When's the right time to address a tragedy with my child?
Use your best judgment, based on your child's age and emotional maturity. "The older they are, the quicker you should tell them," Dr. Chow said. "You want to get in front of any misinformation, as they may have already heard the news from another source."
Should I let my child watch news coverage?
Watch the news first and use your best judgment. Set limits. "The news can be pretty intense for viewers under the age of 10," Dr. Chow said. "Don't leave the TV on for hours."
Use news coverage as a teaching moment. "Have a discussion while watching the news and help them digest the information afterward," Dr. Chow said. "The older they are, the more they will be able to comprehend and process."
How do you answer concerns about information they may have learned in school and from friends?
Most school-age children receive their initial information from friends and classmates. Ask them what they have heard, and correct any errors or misconceptions. "I would inform them that the information they may have received from school or classmates may not be entirely correct or may have missed important details," Dr. Chow said. Assure your children you are available to answer any questions or concerns they may have.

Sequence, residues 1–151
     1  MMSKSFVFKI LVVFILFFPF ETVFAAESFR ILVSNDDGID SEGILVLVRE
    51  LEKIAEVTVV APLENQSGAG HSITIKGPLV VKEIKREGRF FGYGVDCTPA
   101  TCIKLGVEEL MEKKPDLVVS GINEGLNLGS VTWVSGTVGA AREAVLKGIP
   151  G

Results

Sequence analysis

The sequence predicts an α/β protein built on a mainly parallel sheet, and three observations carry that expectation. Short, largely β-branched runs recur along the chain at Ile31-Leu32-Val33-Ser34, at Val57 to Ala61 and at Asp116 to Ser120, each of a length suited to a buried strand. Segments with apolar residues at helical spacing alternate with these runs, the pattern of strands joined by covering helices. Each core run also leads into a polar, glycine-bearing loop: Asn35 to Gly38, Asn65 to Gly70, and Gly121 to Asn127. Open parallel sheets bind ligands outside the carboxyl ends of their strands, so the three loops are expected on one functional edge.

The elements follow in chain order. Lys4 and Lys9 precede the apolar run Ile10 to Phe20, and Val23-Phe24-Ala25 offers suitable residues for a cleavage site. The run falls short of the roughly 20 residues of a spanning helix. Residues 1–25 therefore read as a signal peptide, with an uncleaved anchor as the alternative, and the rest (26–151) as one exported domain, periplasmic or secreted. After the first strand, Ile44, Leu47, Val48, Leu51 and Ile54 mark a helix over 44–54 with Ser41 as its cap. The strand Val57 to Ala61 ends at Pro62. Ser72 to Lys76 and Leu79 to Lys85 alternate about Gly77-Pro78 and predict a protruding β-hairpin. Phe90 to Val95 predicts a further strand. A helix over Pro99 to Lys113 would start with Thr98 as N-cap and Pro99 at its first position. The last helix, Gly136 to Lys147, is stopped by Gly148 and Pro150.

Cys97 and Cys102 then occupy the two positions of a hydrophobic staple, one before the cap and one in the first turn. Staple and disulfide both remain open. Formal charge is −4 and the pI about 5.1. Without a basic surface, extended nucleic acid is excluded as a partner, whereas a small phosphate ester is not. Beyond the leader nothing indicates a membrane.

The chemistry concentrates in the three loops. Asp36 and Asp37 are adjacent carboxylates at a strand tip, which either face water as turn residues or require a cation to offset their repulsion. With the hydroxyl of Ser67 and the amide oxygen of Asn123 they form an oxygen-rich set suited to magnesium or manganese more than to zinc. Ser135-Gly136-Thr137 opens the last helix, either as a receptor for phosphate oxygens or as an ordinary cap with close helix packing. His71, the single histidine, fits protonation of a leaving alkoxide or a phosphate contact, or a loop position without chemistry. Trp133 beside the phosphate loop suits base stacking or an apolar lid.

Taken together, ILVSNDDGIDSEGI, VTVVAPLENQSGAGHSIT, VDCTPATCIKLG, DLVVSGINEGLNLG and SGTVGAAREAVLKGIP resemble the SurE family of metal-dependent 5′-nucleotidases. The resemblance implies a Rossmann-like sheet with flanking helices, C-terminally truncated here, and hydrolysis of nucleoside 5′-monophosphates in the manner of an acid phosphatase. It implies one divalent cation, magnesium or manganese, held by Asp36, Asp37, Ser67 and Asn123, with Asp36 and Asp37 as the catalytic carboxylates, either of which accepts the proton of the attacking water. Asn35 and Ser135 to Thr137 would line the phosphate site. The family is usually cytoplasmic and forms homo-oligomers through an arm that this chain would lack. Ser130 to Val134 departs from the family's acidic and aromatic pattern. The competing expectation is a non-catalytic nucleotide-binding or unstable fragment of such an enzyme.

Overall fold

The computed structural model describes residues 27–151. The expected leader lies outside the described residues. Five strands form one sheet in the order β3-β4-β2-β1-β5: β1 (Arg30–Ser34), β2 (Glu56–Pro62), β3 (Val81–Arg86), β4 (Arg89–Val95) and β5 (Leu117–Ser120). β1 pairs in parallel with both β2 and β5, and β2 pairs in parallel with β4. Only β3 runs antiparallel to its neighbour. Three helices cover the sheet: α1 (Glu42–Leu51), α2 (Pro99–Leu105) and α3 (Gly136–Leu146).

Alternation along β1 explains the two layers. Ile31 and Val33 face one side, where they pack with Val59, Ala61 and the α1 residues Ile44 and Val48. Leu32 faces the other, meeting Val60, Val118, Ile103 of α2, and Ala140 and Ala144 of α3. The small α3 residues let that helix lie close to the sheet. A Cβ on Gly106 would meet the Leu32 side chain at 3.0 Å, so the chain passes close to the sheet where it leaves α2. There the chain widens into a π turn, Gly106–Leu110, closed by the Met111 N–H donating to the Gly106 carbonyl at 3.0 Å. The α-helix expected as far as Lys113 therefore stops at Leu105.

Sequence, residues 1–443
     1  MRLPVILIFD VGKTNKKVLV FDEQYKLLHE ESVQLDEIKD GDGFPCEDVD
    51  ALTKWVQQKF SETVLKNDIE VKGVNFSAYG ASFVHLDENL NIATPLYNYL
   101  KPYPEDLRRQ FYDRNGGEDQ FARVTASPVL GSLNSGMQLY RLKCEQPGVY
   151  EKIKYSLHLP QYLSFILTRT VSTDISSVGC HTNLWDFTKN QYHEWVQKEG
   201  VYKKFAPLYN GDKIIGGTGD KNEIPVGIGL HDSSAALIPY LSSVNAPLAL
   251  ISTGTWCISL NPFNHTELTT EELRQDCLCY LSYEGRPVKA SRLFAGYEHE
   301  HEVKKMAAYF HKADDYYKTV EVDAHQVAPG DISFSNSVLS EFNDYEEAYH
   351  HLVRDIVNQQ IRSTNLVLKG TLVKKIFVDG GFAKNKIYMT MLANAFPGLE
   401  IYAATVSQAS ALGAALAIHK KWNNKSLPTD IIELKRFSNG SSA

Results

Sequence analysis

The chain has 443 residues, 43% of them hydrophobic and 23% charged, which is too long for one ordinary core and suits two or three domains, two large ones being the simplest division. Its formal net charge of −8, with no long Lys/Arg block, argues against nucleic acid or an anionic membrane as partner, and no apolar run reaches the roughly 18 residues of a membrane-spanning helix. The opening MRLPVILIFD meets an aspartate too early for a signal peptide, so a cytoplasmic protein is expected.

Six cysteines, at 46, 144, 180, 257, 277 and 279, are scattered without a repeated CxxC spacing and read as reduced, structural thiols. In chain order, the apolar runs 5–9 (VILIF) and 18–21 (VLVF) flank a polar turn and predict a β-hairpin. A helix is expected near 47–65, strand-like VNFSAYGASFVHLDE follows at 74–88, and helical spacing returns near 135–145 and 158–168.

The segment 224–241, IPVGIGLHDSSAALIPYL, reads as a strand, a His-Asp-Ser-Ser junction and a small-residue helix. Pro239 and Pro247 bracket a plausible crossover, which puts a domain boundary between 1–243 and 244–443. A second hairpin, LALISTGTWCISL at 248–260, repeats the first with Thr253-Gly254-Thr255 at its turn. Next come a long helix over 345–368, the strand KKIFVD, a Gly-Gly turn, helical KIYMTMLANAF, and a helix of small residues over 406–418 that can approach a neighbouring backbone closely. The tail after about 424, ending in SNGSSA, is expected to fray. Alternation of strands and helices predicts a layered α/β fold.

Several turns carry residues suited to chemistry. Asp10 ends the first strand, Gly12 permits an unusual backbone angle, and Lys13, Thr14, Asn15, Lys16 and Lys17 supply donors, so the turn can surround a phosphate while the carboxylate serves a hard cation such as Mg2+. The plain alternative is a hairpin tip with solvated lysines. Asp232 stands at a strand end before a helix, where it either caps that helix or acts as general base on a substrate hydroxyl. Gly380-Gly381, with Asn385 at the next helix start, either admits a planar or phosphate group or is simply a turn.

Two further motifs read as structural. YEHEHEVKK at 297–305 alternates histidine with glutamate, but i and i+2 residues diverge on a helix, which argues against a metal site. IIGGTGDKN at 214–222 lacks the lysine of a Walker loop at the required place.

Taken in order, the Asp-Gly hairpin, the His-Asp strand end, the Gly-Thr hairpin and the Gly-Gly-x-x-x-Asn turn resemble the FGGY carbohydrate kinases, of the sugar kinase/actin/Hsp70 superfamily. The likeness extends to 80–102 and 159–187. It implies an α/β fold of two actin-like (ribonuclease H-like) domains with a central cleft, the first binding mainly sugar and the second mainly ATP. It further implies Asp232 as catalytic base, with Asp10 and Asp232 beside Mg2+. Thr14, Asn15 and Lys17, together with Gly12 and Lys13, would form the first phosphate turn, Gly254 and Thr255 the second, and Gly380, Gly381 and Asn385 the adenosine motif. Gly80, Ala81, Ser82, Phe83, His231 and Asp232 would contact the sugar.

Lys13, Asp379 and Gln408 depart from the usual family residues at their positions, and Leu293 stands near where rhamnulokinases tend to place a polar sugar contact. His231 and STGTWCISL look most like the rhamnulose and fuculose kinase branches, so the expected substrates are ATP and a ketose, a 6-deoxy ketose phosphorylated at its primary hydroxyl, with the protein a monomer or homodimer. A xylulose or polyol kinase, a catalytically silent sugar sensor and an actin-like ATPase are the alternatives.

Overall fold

How do I assure my child that their safety is a priority?
Children thrive in a safe, secure environment. "Let them know you are here for them and that you will do your best to protect them," Dr Chow said. "Also, remind them of how protected they have been in the past."
For children old enough to understand, create a safety plan. "Talk to your kids about safety, how to find safe places and how to locate the nearest exit wherever they are," Dr. Chow said. "Have a plan for how they can communicate with you in case a tragedy occurs."
What are some tips for dealing with an anxious child who may be scared?
"Your child may be uneasy or on edge from the news. Reassure them that bad things like this don't often happen," Dr. Chow said. "I would point out that 99 percent of what people worry about never happens."
Dr. Chow suggests children write down the good and happy things about their life and reference them frequently. But if your child is having a harder time than usual, seek professional help.
How do I assure my child that not all people are bad?
Talk about character and how to identify adults who can be trusted. "Point out that the majority of people can be trusted," Dr. Chow said. "Teachers, firefighters, police officers, medical professionals — they are there to help you in the event you need them." She adds, "I would let them know that only a small number of people want to hurt people and that people are usually kind to one another."
Dr. Chow is co-medical director of the Loyola Center for Health at North Riverside. She is board certified in pediatrics and a clinical assistant professor in the department of pediatrics of Loyola University Chicago Stritch School of Medicine.